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As you know, before I came to Washington, I was a teacher. Each day, I couldn’t wait to get to work. Luckily, I still feel that way — and it’s because to be in the field of education is to wake up each morning knowing that you can forever change someone’s life for the better.
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Recently, the Department held its first meeting with the Race to the Top grant winners. It was wonderful to help welcome delegates from winning states and start rich conversations about implementing each of their plans.
To be sure, implementation is where the real challenge lies for many of the states. We at the Department understand that making such comprehensive reforms is a monumental task, and so one of our top priorities is to ensure that states have the support and technical assistance they need to make their plans successful.
In fact, this support for states, districts, and schools has been our priority in OESE this past year, not just for Race to the Top but for all of our grant programs. I know from my experience as superintendent that high quality technical assistance and support from the federal level is essential in order to make and sustain improvements among our students. That’s why the Department will continue its emphasis on this support, through technical assistance, shared models, and open dialogue. We want to truly become partners with states and districts in the important work of improving educational outcomes for students. And we encourage all of you to get in touch with any suggestions on how we can better do this – e-mail me at AskDrT@ed.gov with your ideas.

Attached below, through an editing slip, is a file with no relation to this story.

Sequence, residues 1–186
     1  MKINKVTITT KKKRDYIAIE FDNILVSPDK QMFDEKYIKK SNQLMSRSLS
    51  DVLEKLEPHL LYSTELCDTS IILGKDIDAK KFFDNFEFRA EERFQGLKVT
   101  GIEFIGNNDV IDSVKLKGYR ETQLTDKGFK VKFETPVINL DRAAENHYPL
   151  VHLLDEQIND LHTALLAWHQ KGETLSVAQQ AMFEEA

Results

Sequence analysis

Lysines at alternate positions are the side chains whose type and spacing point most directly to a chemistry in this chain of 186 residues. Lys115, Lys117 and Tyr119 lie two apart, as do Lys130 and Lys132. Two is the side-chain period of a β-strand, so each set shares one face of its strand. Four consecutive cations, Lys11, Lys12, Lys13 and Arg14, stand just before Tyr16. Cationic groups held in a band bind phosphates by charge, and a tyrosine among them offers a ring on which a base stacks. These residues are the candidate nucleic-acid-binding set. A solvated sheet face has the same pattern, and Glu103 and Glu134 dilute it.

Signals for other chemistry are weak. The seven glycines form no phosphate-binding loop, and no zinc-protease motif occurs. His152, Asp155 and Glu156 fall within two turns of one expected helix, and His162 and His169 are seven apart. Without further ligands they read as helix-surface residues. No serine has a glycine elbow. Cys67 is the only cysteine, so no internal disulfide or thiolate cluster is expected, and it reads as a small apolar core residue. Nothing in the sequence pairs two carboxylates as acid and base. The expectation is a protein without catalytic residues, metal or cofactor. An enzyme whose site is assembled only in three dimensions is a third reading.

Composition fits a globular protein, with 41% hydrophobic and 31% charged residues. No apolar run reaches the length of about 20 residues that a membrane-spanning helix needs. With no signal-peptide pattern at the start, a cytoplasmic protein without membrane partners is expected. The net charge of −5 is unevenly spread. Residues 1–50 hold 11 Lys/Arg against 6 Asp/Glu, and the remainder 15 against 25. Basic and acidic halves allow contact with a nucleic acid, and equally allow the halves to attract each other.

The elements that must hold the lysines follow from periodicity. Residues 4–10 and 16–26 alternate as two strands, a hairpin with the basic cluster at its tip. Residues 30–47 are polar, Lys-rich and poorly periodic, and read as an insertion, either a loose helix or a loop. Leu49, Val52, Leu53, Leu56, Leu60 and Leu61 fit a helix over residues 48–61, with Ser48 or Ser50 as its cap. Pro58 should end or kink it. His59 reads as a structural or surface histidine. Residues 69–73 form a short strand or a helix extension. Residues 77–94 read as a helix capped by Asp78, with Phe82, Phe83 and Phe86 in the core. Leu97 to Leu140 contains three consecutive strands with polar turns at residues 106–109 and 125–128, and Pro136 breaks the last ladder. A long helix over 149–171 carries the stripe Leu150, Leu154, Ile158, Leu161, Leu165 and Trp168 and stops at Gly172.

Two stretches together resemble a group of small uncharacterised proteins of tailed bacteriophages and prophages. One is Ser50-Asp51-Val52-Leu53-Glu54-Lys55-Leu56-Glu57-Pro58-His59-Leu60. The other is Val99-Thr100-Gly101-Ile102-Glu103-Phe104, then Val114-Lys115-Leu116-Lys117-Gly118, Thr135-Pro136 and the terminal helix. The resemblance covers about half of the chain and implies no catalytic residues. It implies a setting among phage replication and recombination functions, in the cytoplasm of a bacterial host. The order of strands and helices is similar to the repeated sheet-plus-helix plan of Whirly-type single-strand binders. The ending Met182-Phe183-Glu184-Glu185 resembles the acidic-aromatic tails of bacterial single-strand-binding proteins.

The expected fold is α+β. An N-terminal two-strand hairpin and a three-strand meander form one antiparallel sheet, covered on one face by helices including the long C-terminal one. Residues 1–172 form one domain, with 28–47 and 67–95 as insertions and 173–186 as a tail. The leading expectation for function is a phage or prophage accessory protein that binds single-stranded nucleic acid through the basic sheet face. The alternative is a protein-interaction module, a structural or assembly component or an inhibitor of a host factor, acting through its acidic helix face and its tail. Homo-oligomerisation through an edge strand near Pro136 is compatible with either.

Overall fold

Today, I’m headed just a few blocks over to the United States Department of Agriculture (USDA) to take part in their Hispanic Heritage Month Observance ceremony. The theme of this year’s observance is “Heritage, Diversity, Integrity and Honor: The Renewed Hope of America.” It’s an honor for me to take part in such a celebration, to mark the many contributions that Hispanic and Latinos have made to this country.
Celebrating Hispanic Heritage Month is important to me, both for personal and professional reasons. My parents, who were born in Mexico, have instilled in me a deep respect for my heritage. My family always placed a huge emphasis on education, and their sacrifices on my behalf have made it possible for me to be where I am today.
This is why I’m so proud and so excited to be working in this Administration. I get up in the morning fired up about the opportunity to revitalize and move forward America’s education reform agenda – both for the Latino community and the nation as a whole. Our success as a country depends on the success of our children, and I urge you to join us in this movement to offer a world-class education for all of our students.